But if I were a bookseller or publisher, or most certainly an author, I can imagine that a decision to close the shortlist at four could start with being described as pompous and work its way through infuriating all the way through to downright unpatriotic, a measure bound to dilute nothing but sales in a small and desperate market.

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Comment by Chris ~ June 11, 2008 07:09 AM

Two corrections to the post, Kathy. First, Luminous is Alice Tawhai's second book not the first. Second, as I understand it, the rule excluding dead authors is not new. The rules were changed for the 2007 awards to allow dead authors, hence Janet Frame's win in the poetry, and were changed back again for this year.

Comment by Kathy ~ June 11, 2008 09:33 AM

Oops, thanks Chris. Post in haste, repent at leisure. You're dead right. In retrospect, we should have made much more of a fuss last year about Janet. That was kind of outrageous.

Comment by maggie ~ June 11, 2008 10:46 AM

Ah Kathy, and Chris, it's good to have a couple of voices from across the Tasman. What a little literary pool we inhabit here - but if the Judges are right, it is either an exceptionally talented literary pool (that's the best scenario), or, it is a very weak pool and only four were good enough to stick their heads above water.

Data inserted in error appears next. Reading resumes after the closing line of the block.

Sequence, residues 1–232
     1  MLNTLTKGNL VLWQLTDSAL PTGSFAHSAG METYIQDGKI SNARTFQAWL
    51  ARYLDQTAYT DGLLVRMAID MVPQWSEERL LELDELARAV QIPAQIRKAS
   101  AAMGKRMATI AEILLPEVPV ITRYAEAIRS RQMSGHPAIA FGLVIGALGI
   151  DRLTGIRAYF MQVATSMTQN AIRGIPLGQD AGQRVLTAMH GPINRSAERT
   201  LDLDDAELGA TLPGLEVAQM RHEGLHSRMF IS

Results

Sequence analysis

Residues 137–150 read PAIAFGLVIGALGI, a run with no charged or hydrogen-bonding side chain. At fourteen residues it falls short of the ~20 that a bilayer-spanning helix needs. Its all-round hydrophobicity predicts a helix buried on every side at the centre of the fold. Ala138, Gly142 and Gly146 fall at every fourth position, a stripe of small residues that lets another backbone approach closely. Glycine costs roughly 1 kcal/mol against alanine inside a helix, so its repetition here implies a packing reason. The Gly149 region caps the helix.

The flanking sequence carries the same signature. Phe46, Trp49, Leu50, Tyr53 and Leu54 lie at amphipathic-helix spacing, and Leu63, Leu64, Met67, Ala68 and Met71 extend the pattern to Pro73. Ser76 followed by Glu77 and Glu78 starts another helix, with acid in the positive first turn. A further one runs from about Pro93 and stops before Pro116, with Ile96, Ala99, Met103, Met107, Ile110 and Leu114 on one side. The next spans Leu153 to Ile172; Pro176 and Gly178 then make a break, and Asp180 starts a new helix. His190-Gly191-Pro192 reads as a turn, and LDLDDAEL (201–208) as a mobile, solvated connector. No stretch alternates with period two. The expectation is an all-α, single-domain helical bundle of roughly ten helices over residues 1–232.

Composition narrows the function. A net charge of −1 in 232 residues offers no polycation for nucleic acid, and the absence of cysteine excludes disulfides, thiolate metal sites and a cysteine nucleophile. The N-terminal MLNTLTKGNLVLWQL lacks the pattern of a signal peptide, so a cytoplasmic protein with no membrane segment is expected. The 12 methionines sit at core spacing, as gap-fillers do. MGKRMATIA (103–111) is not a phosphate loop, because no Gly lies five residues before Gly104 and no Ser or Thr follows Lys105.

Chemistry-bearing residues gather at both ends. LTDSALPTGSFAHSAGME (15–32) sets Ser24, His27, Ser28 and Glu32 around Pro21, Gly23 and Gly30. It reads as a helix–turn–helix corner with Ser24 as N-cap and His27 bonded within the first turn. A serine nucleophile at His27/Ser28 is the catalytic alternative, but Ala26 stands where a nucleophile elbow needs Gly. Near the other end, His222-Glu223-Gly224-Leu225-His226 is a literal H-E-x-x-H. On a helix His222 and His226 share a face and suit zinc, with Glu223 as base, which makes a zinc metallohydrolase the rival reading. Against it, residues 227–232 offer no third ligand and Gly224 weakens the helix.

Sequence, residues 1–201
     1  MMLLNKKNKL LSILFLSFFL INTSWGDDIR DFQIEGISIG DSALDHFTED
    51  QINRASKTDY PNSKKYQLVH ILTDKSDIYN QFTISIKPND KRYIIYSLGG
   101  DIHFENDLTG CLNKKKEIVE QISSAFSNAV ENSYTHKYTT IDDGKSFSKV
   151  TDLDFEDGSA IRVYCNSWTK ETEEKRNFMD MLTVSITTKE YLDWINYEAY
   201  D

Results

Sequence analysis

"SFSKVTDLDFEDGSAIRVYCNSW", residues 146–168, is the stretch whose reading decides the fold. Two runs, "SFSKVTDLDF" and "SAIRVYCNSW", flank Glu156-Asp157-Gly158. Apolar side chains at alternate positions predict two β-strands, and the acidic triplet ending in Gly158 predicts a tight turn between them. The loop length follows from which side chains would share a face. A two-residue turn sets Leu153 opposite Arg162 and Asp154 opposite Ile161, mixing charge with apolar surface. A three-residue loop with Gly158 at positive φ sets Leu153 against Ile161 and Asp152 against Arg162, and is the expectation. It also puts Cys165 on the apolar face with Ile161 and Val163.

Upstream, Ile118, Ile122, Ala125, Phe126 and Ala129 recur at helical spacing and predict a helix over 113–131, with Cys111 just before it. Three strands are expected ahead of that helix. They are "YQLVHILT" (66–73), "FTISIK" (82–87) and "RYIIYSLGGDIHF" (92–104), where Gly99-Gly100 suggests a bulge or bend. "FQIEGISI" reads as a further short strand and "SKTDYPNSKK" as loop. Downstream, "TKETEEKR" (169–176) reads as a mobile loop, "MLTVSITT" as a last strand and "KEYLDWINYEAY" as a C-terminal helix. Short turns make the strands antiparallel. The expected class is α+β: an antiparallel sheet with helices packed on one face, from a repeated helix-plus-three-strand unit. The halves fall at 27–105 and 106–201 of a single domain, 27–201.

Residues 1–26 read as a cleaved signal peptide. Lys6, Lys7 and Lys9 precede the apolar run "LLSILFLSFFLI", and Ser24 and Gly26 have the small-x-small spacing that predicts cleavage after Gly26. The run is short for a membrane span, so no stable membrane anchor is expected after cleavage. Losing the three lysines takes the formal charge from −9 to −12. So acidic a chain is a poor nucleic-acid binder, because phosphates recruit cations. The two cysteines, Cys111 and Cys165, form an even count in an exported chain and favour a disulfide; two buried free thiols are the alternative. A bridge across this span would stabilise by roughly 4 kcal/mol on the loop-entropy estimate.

But, what can we say, but huge congratulations to “our” Mary (McCallum), to Alice Tawhai, Laurence Fearnley and Charlotte Grimshaw - the only one of which I haven't yet read, being Laurence Fearnley, but I shall rectify that and I'm a big fan of both Charlotte and Alice as well.

It seems to me that blogs are a great way to let the steam off and let people have a say, but let us not detract from the winners and their outstanding achievements.

I'm one of those writers who published a novel last year and it is interesting to read a bookseller and a publisher lamenting the loss of sales to the imaginiary “fifth” book - what about all of us other losers (possibly not even nominated) whose babies only get a short moment in the sun?

Of course we have to have winners who inspire us to achieve - and that is what this is about.